foster care

Teens and older youth in the foster care system often face the additional challenge of having to prepare to live independently. We'll learn about the difficulties and opportunities for these young people.

AUGUSTA, Maine - The state says there's a continued need for foster homes in Maine as more children come into state custody because of parental substance abuse.
Department of Health and Human Services Commissioner Mary Mayhew says there's a particular need for foster families who support reunification as well as those caring for teens, sibling groups and youth with special needs.
The process for applying for a foster parenting license includes a criminal background check and a fire and safety inspection.

Foster Care

Aug 10, 2016

Last year, 870 children entered into state custody. There is a pressing need for more foster families to care for these children. What does being a foster family entail? And what happens to these children as they move through the system? Guests: Mary Mayhew, Commissioner of the Department of Health and Human Services Jim Martin, Director of the Office of Child and Family Services (OCFS) April Belyea, a foster parent from CaribouSarah Hatt, a foster parent from Washburn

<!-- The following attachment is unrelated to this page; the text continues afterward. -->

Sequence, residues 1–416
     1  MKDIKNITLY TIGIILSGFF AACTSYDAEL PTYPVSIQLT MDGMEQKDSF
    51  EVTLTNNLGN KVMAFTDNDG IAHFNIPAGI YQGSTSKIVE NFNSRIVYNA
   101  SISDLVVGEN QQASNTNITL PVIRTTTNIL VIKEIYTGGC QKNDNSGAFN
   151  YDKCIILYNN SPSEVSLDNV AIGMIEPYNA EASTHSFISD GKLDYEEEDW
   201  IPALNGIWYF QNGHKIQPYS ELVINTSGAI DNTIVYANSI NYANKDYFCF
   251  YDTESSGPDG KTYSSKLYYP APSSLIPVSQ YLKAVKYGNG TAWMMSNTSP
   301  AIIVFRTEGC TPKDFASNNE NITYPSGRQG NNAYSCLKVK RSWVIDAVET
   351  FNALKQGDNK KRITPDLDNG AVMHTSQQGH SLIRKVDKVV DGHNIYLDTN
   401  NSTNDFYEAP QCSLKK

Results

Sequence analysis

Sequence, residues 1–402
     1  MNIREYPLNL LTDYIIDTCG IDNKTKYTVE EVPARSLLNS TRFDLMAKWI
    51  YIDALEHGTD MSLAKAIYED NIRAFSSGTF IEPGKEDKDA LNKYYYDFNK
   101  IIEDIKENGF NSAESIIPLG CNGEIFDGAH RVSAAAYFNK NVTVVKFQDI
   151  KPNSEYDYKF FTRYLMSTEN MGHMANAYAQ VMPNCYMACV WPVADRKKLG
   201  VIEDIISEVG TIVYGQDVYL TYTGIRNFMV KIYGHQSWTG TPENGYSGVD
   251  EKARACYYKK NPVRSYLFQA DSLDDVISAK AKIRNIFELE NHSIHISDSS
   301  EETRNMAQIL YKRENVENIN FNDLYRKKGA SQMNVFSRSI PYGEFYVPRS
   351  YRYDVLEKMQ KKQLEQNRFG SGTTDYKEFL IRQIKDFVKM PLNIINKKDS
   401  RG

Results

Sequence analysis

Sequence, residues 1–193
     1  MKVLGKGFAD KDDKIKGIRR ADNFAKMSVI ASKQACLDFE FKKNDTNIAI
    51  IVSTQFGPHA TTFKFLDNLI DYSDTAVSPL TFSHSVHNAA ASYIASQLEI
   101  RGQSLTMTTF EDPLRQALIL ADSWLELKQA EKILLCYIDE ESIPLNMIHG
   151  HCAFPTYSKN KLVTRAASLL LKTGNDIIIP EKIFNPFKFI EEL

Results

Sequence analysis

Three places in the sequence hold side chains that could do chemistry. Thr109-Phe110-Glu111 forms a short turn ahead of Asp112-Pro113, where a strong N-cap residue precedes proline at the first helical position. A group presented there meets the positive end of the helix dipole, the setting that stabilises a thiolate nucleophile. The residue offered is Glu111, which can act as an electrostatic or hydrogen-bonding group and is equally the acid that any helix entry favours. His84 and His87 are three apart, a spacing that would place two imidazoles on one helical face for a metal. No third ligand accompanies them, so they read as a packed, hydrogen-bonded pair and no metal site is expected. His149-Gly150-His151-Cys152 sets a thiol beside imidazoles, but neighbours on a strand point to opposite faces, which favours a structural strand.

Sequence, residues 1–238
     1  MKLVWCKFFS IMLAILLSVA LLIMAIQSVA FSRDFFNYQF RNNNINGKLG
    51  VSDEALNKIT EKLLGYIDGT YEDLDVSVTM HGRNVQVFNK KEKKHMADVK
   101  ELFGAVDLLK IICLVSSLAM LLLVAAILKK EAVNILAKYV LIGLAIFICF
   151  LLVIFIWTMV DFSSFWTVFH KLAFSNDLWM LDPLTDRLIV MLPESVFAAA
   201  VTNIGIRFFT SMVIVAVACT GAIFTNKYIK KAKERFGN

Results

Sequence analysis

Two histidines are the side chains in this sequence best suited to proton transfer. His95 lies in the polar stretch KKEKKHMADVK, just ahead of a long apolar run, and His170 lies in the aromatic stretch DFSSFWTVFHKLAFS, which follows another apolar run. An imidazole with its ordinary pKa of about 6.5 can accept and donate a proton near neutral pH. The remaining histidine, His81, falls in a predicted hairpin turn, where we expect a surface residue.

Mainers are being asked to volunteer to become foster families for dozens of children who have been placed in state custody.

Health and Human Services Commissioner Mary Mayhew says that while existing foster homes and families are expected to fill the needs of about 600 children in the coming year, there is still a need for 66 new foster families. She says children are the first-line causalities in Maine’s ongoing opioid crisis when the state is forced to place them into state custody after their drug-addicted parents are incapable of caring for them.

On a vote of 33-1, the Maine Senate has overturned Gov. Paul LePage’s veto of a bill that provides for prompt medical evaluations of Maine foster children.

The measure reduces the time the state has to conduct comprehensive medical evaluations of new state wards to three days from the current ten.

Patty Wight / MPBN

AUGUSTA, Maine - Maine has a shortage of foster and adoptive parents, at a time when demand for placements is growing. Last month, the Department of Health and Human Services announced that it needs more than 100 additional foster families and another 100 adoptive families.